David, Johnny, Joe, Brian and Bjork

What inspires us?

"Is there anybody going to listen to my story?" sang Joe Jackson when he visited Chicago this past month. An extraordinary composer and connoisseur of popular music, Mr. Jackson sat at the piano covering John Lennon's Girl, reminding us what every artist faces: will anyone hear them? Singing the song with a solo stride piano accompaniment, Mr. Jackson's rendition of that first line was a reminder that a great opening song lyric feels eternal. The melody can be song by anyone always.

Bjork's melodies cannot easily be sung by anyone else, as I was reminded last spring when I saw her exhibition at the Museum of Modern Art in NYC. In the exhibition she offers her lyric notebooks, but nothing about these spare, handwritten words prepares one for Bjork's melodies. The words don't seem to have poetic potential until Bjork sets them aflame in Hyperballad: "I'm back at my cliff/still throwing things off/I listen to the sounds they make/on their way down/I follow with my eyes 'til they crash/imagine what my body would sound like/slamming against those rocks." Has there ever been music so playful and so tormented at the same time?

Playful can come to mind when thinking of The Beach Boys. Last summer I saw the recent film about Brian Wilson. While the "Love and Mercy" scenes about his time making the Pet Sounds album with the musicians known as the Wrecking Crew have been rightfully admired for their allowance of experimentation, there were two quieter scenes that stuck me, both with Brian at the piano.

One with his father at a spinet piano where he tentatively presents the song God Only Knows: "I may not always love you/But long as there are stars above you/You never need to doubt it/I'll make you so sure about it." The film allows you to hear the composition in what we imagine to be its first performance for another. The song's unusual and masterful chord progression is ruined by his father's bitterness. The scene captures Wilson's otherworldly sense of melody and harmony, but it's his father's response that one remembers: jealousy wrapped in ignorance and served with malice.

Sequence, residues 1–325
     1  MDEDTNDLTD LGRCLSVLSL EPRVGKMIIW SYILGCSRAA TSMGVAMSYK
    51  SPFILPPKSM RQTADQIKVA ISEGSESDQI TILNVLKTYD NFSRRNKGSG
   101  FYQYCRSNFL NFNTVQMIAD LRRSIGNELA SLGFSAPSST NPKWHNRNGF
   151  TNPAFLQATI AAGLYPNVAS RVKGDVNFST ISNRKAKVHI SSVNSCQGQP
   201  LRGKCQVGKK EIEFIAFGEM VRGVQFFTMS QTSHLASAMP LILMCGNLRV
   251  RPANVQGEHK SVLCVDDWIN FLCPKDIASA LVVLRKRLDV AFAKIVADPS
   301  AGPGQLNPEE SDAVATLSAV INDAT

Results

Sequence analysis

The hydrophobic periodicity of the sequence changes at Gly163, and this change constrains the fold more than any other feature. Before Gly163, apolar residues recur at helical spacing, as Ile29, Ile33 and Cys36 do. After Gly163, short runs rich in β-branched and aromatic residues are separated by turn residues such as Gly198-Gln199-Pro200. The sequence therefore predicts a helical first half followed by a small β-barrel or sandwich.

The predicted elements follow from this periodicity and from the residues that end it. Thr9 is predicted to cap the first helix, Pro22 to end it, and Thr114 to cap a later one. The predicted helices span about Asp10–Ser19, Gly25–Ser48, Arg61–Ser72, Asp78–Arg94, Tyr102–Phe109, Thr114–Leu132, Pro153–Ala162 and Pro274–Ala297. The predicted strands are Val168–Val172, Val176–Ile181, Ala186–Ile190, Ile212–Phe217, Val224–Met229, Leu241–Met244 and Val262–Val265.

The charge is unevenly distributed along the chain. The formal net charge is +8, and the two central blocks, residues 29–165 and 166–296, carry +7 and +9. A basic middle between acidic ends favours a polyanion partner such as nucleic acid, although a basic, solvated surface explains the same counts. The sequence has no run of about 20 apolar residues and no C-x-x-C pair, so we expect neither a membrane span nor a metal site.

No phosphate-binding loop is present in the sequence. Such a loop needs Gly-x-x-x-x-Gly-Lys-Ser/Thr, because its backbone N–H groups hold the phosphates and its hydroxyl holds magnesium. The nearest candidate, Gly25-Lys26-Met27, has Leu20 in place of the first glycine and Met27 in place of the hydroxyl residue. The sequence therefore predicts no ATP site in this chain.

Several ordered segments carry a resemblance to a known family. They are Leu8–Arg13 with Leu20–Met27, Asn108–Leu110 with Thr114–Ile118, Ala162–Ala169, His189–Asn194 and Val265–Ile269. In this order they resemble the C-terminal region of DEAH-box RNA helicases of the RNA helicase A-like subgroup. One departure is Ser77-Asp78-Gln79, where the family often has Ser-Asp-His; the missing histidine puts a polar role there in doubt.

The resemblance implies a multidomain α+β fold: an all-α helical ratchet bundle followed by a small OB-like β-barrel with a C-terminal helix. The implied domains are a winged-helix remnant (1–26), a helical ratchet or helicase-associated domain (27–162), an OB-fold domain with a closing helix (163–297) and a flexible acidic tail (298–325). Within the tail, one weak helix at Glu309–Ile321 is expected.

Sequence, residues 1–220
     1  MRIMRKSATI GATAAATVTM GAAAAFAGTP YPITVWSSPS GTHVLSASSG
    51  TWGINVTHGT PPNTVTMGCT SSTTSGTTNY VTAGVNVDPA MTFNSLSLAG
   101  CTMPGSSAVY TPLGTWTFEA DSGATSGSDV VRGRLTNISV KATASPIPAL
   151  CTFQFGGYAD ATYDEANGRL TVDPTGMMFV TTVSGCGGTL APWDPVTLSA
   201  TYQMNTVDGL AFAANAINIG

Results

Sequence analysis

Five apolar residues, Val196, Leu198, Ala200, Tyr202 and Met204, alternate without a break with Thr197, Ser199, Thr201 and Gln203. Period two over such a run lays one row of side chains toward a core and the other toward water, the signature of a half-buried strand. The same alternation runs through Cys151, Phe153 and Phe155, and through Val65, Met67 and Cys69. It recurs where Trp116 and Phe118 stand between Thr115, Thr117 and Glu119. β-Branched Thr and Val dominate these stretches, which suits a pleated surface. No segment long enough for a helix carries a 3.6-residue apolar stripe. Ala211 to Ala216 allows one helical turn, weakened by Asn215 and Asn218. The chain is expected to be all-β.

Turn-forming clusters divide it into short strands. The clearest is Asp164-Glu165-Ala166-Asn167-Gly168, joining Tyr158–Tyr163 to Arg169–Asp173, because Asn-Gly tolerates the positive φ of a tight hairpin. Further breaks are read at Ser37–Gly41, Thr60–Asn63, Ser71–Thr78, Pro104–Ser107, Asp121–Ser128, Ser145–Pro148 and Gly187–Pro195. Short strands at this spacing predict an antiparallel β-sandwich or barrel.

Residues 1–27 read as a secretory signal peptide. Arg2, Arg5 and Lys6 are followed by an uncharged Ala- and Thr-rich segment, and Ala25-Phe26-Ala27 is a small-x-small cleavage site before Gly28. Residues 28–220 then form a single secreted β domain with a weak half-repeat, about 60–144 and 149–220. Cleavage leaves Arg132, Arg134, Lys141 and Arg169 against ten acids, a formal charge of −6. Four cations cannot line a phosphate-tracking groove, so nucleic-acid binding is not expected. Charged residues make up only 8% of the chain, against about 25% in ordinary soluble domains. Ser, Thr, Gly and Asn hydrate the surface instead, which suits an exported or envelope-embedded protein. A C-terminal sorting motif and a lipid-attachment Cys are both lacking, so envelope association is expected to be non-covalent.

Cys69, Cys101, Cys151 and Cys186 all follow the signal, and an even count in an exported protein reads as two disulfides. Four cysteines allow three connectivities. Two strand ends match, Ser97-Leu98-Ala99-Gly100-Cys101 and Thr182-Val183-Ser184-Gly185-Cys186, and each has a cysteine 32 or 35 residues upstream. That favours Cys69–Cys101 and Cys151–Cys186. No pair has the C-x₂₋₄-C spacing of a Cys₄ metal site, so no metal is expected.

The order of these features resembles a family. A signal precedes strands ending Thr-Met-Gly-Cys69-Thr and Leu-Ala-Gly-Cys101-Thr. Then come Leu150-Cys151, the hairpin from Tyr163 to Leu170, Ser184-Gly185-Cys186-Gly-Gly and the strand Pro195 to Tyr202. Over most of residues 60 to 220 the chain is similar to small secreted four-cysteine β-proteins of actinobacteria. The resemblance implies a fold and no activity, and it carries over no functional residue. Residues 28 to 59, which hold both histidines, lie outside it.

Later in the film, a much older and scarred Wilson plays an anonymous chord progression for his girlfriend on a grand piano. Sitting in an empty house, he tosses it off, but one wonders where the progression would go if he completes it. As portrayed by the actors Paul Dano and John Cusack, Wilson's genius comes across as so natural that one watches every reaction, inflection and experimentation with great curiosity: when does Wilson know he's found the heavenly sound that he needs to share with the rest of us? The chord progression hangs in the air in the empty room.

The "David Bowie is" exhibition that is touring the world presents a different question: to whom does the artist turn for inspiration? There is a long list of Bowie collaborators: Robert Fripp, Iggy Pop, Trent Reznor, Pat Metheny, Queen, Nile Rodgers, Kansai Yamamoto, Martin Scorsese, Brian Eno, Marc Bolan, Tilda Swinton... on and on. Yes, the exhibit reminds us that Bowie spent a lifetime reinventing himself. But the one constant is that collaboration is central to his creative experience. No lonely genius he, Bowie is a musical life force because he works with others to forge piercing melody, rhythm, fashion and cinema. Even Brian Wilson inspired Bowie. His cover of God Only Knows sits on YouTube alongside ones by Elvis Costello, Elton John, Mandy Moore and Michael Stipe, Andy Williams, She & Him, Norah Jones, and, my favorite, Rivers Cuomo.

Finally, there was a Johnny Marr show in 2015 that I will never forget. Marr is a musician of exceptional skill and sensibility. His show was fun, tight, surprising, and admirable. Known for his guitar playing with The Smiths, the show was a reminder that he is a rock and roll musician of the highest order, one who now valiantly takes to the microphone to sing songs that others have sung, but makes them his own through exceptional musicianship and poise. Marr's tour has been captured on a recently released disc called Adrenalin Baby. Some forget that he and Peter Buck (of R.E.M.) changed rock and roll in the 1980's. Their guitar lines still ring through the decades, but, more importantly, they knew their guitar playing was meant to support melody.

I will never forget 2015. It was a year of great change in my life, but its musical lessons made my life richer. Curious about genius, I was reminded of the role that inspiration plays for musicians. Whether from Manchester, Iceland, Hawthorne, Brixton, or Portsmouth, these musicians have inspired me for nearly half a century.